Penning an obituary for Lawrence of Arabia in 1935, the editor of the Turkish satirical weekly Akbaba announced: “Lawrence is dead. As with any miracle, it is not easy to believe the good news.”
“The world’s gain,” he went on, “is as great as England’s loss,” for Lawrence was a microbe “more fearsome than the plague.” There was only one problem: Lawrence might now spread unrest in the hereafter. “How,” the obituary concluded, “can you say ‘rest in peace’ for anyone who has gone to an afterlife where Lawrence is present?”
The violent dissolution of the Ottoman Empire in World War I created a complex and enduring relationship between Turkish attitudes toward the Arab world and Turkish attitudes toward Europe. During the war, a generation of Turkish leaders had fought both with and against their former Arab compatriots in a failed effort to prevent French and British forces from colonizing the Middle East. After the war, these same men continued fighting to secure Turkey’s independence, while the rest of the region stayed under European control.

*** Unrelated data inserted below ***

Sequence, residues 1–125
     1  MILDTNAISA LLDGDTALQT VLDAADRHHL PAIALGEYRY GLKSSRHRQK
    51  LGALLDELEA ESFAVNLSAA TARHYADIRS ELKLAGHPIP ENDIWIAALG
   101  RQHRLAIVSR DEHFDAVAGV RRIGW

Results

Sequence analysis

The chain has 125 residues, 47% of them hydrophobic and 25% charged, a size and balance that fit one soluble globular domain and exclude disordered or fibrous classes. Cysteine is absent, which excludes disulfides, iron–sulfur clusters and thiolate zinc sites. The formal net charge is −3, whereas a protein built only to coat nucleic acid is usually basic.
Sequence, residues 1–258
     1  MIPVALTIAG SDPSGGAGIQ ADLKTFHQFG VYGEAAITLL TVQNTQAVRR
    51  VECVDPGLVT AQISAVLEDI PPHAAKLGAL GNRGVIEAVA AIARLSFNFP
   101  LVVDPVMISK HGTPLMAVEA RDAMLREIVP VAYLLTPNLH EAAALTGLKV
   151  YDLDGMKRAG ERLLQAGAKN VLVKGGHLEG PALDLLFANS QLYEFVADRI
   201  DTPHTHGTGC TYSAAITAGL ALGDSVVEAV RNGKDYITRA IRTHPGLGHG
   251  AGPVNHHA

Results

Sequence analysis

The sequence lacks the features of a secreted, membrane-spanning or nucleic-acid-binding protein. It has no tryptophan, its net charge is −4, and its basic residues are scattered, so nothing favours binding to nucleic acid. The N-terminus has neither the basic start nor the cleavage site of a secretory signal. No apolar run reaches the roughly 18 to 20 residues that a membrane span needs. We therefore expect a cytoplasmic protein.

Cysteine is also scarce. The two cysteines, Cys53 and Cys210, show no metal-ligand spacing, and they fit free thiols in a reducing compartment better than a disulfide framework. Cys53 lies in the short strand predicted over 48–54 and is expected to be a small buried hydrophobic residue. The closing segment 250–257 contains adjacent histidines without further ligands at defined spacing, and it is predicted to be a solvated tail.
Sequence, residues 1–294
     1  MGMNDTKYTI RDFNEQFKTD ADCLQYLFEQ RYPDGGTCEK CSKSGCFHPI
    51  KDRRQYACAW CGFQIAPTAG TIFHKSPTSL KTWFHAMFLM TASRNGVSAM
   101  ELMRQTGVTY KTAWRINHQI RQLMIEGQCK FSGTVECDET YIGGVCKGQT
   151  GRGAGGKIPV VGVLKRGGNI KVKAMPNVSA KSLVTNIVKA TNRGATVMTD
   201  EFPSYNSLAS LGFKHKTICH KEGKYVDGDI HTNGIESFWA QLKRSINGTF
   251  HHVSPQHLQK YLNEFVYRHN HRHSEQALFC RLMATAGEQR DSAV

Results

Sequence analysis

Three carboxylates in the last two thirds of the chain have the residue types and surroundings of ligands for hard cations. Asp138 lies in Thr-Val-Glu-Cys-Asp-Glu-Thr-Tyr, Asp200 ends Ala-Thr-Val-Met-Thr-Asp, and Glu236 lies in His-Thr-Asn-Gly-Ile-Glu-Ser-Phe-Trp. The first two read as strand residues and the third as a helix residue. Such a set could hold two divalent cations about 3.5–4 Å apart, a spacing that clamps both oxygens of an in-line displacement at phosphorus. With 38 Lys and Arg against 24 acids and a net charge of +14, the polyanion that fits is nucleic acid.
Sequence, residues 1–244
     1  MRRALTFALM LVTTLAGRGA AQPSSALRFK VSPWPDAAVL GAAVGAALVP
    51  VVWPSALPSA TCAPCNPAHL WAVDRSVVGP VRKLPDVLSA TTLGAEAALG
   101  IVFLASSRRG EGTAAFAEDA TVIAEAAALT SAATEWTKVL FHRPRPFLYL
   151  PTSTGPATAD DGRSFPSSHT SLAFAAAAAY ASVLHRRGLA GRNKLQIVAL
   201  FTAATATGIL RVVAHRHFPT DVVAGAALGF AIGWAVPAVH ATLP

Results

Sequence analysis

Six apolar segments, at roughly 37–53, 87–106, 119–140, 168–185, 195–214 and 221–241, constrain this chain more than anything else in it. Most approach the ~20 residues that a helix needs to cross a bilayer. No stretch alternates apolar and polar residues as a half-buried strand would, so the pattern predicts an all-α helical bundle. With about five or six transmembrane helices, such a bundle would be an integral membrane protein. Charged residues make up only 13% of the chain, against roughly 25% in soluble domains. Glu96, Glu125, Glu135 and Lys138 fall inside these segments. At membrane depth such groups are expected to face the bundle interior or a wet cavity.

Not surprisingly, this fraught history led to a range of different attitudes among Turkish policymakers and the broader public over the coming century. Anger over the Arab revolt was real, as was the sense that the Arabs had betrayed their government and co-religionists by siding with the British. But there was also genuine sympathy for former Ottoman subjects in the Middle East who were still struggling against European colonizers. This sympathy, in turn, took different forms, from sincere anti-imperial solidarity to slightly condescending explanations of what the Arab world could learn from Turkey’s example.
Over the last century, these attitudes have been repeatedly reconfigured by geopolitical developments. With the advent of the Cold War, for example, Turkey joined with France and Britain in NATO to defend its independence against the Soviet Union. Many Arab nationalists, by contrast, saw in the Soviets a potential ally in securing their full independence from the West.